Transforming and repackaging ILT and VILT sessions into engaging and effective microlearning modules isn’t a matter of simply reducing or summarizing content. The approach you choose depends on the business objective you’re trying to address.

Here are 3 options to consider when creating microlearning content from virtual classroom sessions:

  1. Maintain the status quo: In the case of mandated but lengthy eLearning courses (for example, a 45-minute Intro on Federal Health & Safety Protocols), there may be little L&D teams can do to alter the content. However, 3-to-5-minute microlearning sub-content may be added to offer learning retention (of the key elements from the 45-minute course), as well as adding shorter videos or PDFs that act as PSTs on the job.
  2. Augment existing courses: Micro-quizzes, assessments, and exercises may be used to augment the 45-minute Federal Health & Safety Protocols course to focus learner attention and discussion around specific aspects of the broader topic. These microlearning modules will also serve to change learner behavior once they complete the lengthy VILT sessions.
  3. Transform existing courses: Lengthy VILT courses result in cognitive overload. If the 45-minute course isn’t mandated for “as is” delivery, L&D teams may transform the content into shorter, but focused, 3-to-5-minute micro-videos dealing with specific health and safety issues like fire hazards, slippery surfaces, etc.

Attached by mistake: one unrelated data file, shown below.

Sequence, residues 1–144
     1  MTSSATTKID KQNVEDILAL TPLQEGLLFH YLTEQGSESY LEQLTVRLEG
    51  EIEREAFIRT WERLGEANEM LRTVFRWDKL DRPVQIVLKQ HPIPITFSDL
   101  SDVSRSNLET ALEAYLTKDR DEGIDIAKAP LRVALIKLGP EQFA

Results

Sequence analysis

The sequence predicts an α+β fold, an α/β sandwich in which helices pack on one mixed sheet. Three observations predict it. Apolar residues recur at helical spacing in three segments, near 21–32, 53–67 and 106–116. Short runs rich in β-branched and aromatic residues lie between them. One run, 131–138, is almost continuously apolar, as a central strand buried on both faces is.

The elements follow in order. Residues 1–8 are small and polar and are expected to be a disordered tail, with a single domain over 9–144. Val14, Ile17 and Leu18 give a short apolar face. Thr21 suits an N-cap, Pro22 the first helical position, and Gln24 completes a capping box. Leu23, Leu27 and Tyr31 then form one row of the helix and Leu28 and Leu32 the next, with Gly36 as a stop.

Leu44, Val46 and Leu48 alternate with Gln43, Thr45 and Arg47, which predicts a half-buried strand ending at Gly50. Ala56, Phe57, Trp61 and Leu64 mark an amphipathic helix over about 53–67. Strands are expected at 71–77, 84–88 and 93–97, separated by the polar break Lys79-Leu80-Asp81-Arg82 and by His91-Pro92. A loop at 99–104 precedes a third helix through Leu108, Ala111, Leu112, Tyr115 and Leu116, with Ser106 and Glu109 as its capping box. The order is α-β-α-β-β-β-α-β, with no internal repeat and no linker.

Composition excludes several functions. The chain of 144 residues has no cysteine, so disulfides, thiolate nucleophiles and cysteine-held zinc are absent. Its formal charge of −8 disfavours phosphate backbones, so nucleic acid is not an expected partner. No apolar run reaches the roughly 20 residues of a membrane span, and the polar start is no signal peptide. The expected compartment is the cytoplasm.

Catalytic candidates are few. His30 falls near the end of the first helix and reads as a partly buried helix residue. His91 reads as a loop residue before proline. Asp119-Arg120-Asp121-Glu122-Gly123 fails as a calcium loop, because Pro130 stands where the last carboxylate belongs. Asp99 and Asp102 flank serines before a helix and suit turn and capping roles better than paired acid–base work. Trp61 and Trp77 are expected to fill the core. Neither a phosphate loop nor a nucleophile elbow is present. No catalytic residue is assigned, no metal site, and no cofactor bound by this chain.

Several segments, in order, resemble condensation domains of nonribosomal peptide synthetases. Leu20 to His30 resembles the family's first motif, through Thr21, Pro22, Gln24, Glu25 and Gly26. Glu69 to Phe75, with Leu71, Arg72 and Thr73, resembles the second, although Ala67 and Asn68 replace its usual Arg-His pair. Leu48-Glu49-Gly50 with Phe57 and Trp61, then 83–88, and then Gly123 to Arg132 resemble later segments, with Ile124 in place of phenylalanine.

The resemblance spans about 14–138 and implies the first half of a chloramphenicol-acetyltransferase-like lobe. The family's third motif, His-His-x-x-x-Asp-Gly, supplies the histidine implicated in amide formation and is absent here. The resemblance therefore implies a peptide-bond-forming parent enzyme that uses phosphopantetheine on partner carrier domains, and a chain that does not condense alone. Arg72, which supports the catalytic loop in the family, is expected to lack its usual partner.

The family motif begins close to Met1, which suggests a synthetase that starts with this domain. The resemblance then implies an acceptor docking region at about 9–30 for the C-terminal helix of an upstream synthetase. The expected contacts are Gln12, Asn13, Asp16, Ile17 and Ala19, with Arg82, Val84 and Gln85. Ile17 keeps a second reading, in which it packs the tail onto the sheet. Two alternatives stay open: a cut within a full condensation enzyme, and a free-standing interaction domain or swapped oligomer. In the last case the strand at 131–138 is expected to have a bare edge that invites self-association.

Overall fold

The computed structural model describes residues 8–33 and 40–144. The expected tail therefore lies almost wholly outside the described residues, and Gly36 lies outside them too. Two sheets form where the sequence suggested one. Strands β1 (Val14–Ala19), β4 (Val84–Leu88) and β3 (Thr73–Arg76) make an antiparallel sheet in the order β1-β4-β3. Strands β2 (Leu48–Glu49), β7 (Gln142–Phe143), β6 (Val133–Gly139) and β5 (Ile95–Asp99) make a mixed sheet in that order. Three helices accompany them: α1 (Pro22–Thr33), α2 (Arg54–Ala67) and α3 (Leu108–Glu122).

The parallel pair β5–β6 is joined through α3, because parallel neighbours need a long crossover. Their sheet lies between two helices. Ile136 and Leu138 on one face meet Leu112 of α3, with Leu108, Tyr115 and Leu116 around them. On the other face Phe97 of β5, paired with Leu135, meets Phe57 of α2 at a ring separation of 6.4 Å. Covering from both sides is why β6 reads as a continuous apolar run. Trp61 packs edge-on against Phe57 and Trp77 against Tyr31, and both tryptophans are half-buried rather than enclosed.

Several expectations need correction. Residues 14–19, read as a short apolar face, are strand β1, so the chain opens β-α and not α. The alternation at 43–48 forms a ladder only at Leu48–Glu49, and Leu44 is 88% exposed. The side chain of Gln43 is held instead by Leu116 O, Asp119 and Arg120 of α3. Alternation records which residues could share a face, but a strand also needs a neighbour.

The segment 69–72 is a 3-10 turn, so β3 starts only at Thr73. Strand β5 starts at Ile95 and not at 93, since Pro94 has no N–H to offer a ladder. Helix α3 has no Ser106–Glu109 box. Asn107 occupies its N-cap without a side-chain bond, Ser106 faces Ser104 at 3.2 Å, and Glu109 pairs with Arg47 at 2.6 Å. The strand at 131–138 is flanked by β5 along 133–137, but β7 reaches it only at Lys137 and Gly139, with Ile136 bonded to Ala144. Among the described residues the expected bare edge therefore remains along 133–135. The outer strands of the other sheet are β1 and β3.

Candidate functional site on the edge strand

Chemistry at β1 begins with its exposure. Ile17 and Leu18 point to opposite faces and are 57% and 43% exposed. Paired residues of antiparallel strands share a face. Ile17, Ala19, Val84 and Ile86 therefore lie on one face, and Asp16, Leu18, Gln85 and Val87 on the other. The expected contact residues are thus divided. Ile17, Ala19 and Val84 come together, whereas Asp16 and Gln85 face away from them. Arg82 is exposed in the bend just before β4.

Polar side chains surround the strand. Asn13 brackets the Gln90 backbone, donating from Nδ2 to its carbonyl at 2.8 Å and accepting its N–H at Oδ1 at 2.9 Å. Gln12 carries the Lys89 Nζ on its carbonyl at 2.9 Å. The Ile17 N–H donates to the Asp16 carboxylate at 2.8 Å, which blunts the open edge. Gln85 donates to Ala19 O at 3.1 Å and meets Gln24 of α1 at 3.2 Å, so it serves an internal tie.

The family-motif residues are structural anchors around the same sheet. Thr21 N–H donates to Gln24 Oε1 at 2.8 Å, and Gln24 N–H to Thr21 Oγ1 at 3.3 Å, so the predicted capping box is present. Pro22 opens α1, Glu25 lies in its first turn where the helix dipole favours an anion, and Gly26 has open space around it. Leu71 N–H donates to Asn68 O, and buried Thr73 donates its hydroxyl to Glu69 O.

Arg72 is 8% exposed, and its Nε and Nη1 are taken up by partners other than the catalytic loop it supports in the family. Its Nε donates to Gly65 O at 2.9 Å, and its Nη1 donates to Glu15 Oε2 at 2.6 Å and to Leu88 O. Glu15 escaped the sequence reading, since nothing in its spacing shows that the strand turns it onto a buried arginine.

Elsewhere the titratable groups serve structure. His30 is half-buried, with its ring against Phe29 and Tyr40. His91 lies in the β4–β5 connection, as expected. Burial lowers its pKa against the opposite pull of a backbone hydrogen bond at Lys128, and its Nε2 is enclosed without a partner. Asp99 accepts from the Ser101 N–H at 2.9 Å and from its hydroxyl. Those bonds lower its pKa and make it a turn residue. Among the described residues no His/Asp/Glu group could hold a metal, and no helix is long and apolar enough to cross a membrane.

What Best Practices Should You Adopt While Transforming Your Existing VILT Sessions into Microlearning Modules?

Here are 4 best practices to help you transform your existing VILT training sessions into microlearning modules:

  1. Change focus: VILT content typically has a broad focus (for example, “Building Impactful Websites”). Best practices for creating impactful microlearning modules requires narrower-focused content. For instance, while maintaining focus on the big picture “Building Impactful Websites” session, you might narrowly refocus on “Creating Marketing Websites” or “Building a Customer Support Resources Website.”
  2. Chunk-up content logically: To be impactful and engaging for in-the-flow learning, best practice dictates that each microlearning module shouldn’t exceed 3 to 5 minutes in length (not exceeding 7 mins). Arbitrary truncation of existing recorded VILT sessions just won’t cut it. When refocusing your content (best practice #1 above), therefore, make sure you don’t exceed the 3-to-5-minute length for each micro-topic.
  3. Condense themes: Chunking focuses on physical length while condensing aims at reducing the number of themes contained in a microlearning module. For instance, it’s no good to transform a 30-minute VILT session into two logically chunked-up micro-sessions – one 25 minutes in length, the other 5 minutes long. One best practice, to encourage the habit of frequent learning, is to reduce the number of themes (topics, subjects) discussed in each microlearning module. Instead of covering everything important in a single micro-module, you could re-engineer the “Creating Marketing Websites” session to deal with just two themes: “Writing Powerful Landing Pages” and “Creating Powerful Headlines.”
  4. Change…but don’t pivot: Reducing and refocusing your VILT content shouldn’t lead to a transformational pivot away from the original session objectives. Best practices dictate that you resist the temptation to add new content or bring in new topics or subjects.

I hope this article provides the requisite insights that will help you transform your recorded VILT sessions into engaging microlearning modules.

Meanwhile, if you have any specific queries, do contact me or leave a comment below.